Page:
Some members of the Faculty Senate Executive Committee are seriously considering leaving University Council, representatives said yesterday. "The probability is that the faculty will withdraw [from Council]," said City Planning Professor Anthony Tomazinis. Tomazinis and Faculty Senate Past Chairperson Almarin Phillips said SEC would be least likely to remain on Council in its present form. They sit on a three-member SEC subcommittee headed by Phillips which has been examining the structure and function of Council. Phillips added that his subcommittee's report will include "constructive" suggestions for Council reform and said that ultimately SEC "might continue to participate." But other SEC members have mixed feelings about whether SEC should withdraw from Council. Faculty Senate Chairperson-elect David Hildebrand said last week he has still not decided where he stands. "[My position reminds me of] a sign in [Deputy Provost] Dick Clellend's office -- 'the answer is maybe and that's final,' " Hildebrand said. "That's where I am on Council right now." Some SEC members have criticized the atmosphere at Council meetings, saying that many student members are only interested in furthering their own agendas, while others have suggested the problems lie with the large size of the body. Hildebrand said he finds Council meetings "frustrating." "Nothing works," Tomazinis said. "[It's the] administrators dueling with two or three students -- that's not a University Council." Hildebrand added he does not blame Council members, although the structure causes a lot of the problems. Phillips said the SEC subcommittee will "recommend significant changes" to the existing Council by-laws. He would not specify which by-laws the committee would suggest changing in its plan, which will be presented to SEC next week. "As I perceive it, it's time that something be done," he said. Two years ago, Council members attempted to reform the format of the body's meetings by creating the role of moderator, a job that had been previously assumed by President Sheldon Hackney. Most Council members said they agree the atmosphere at Council has improved since the addition of an independent moderator. But SEC members disagree over whether the situation has improved enough to make Council an effective advisory body. "[Council members] have been better behaved in the past two years," Phillips said. He added he is unsure whether to attribute the improvement to the moderator or to changes in what Council discusses and the consituencies' representatives. Finance Professor Emeritus Jean Crockett said she hopes SEC members remain in Council because the changes made in Council have "greatly improved, if not solved" any problems in the body. While students leaders do not take the faculty members' threat of Council withdrawal very seriously since they discuss it annually, student Council members said yesterday they hope faculty members will not desert the body. Undergraduate Assembly Chairperson Mitchell Winston, who in the past has urged SEC members to remain on Council, said yesterday the format has improved the meetings and he is willing to discuss possible structural changes with SEC members. "I don't think they'll leave this forum," Winston said. But he added that he can understand faculty members' complaints because "no one gains from a waste of time." Graduate student activist Elizabeth Hunt said she is angered by SEC's "remarkably childish" threats. "Students are using University Council to its fullest advantage," Hunt said. "[If we have to,[ we will continue the forum as best we can without them. The faculty should quit [threatening to] take their toys and go home."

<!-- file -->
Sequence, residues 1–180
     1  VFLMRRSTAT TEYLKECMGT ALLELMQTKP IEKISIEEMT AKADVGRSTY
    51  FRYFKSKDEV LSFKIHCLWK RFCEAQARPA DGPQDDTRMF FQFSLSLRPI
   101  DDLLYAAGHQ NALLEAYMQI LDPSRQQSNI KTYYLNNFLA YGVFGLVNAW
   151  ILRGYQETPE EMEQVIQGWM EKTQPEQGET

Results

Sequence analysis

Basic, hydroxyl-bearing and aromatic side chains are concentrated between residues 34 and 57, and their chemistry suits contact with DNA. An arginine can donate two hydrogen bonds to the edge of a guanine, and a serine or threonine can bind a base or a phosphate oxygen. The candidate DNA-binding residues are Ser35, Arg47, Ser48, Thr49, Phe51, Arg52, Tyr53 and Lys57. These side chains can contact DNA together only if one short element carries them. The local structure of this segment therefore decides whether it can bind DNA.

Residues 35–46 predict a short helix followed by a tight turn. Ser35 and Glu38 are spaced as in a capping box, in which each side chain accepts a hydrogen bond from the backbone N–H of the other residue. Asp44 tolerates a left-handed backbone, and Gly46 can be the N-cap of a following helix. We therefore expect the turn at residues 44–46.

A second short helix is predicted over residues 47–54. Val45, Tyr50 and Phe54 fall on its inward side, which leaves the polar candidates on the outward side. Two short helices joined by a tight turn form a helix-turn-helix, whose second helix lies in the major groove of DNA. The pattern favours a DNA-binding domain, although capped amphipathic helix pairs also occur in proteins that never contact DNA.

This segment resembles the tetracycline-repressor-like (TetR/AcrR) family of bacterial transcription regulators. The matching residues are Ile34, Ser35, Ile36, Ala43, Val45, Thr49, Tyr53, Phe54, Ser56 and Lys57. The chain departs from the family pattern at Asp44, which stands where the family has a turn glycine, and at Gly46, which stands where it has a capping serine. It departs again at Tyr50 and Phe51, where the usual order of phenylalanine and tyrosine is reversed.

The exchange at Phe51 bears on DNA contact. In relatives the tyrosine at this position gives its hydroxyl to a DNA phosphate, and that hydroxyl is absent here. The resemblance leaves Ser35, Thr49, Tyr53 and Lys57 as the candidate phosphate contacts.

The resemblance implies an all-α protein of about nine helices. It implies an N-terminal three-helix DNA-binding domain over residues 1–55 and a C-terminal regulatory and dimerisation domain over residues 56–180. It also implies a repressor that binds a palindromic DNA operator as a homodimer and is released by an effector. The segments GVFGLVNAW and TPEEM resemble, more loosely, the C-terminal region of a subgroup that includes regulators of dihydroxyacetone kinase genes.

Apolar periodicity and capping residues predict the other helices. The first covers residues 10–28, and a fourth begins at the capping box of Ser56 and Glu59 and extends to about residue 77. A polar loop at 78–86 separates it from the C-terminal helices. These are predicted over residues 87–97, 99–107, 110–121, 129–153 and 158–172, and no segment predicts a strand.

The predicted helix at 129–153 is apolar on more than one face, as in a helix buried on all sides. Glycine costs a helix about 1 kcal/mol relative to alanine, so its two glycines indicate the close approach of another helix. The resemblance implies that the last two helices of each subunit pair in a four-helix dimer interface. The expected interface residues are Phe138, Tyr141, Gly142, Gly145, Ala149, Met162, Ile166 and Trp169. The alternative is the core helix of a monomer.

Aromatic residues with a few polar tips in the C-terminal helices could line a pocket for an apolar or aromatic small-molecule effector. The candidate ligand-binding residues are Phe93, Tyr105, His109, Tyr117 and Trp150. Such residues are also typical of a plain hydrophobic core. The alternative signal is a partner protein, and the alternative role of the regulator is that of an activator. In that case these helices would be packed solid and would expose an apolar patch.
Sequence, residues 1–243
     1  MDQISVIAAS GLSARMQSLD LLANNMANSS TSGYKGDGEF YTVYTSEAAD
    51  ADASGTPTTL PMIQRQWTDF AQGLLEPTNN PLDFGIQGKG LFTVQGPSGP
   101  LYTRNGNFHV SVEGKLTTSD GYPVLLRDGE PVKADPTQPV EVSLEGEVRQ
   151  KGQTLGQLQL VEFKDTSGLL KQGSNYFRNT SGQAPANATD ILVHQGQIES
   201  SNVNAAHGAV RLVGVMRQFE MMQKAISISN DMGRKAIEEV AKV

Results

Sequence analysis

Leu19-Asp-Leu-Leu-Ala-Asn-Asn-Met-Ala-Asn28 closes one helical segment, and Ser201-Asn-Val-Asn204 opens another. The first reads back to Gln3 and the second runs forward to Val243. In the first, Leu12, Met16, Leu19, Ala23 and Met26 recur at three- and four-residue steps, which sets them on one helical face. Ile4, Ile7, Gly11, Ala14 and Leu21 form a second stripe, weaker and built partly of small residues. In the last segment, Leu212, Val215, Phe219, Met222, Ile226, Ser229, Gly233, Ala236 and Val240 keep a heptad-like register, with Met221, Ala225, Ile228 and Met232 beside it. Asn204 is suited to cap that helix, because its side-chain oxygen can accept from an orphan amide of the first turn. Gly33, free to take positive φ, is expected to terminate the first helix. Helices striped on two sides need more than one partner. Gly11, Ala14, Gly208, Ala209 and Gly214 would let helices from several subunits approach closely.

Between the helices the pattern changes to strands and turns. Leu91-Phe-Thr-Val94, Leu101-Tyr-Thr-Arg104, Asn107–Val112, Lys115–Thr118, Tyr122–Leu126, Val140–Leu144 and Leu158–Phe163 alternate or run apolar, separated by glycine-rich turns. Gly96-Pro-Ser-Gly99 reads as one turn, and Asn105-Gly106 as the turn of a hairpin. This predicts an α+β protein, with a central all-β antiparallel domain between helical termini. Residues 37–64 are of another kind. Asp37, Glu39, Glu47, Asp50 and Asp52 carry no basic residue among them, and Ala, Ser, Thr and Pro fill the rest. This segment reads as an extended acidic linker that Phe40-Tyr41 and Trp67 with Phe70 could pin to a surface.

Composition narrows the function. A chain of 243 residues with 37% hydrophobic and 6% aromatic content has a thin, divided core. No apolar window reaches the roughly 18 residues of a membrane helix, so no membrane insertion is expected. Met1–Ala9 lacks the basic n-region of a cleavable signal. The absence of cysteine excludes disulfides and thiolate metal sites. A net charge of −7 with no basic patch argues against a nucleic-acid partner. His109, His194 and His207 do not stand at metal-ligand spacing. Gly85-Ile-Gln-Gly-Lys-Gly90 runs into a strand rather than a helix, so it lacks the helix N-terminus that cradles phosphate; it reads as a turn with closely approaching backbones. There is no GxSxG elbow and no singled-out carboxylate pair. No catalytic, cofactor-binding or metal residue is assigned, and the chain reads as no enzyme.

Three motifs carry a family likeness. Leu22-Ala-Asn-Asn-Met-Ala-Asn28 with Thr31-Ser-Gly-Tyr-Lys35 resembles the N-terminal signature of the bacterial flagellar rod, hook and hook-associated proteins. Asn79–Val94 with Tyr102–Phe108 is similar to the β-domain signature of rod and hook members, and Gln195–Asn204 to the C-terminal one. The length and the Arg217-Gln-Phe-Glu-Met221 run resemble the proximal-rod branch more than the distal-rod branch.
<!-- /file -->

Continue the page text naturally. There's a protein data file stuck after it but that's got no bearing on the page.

Stevens brings practicality to dean post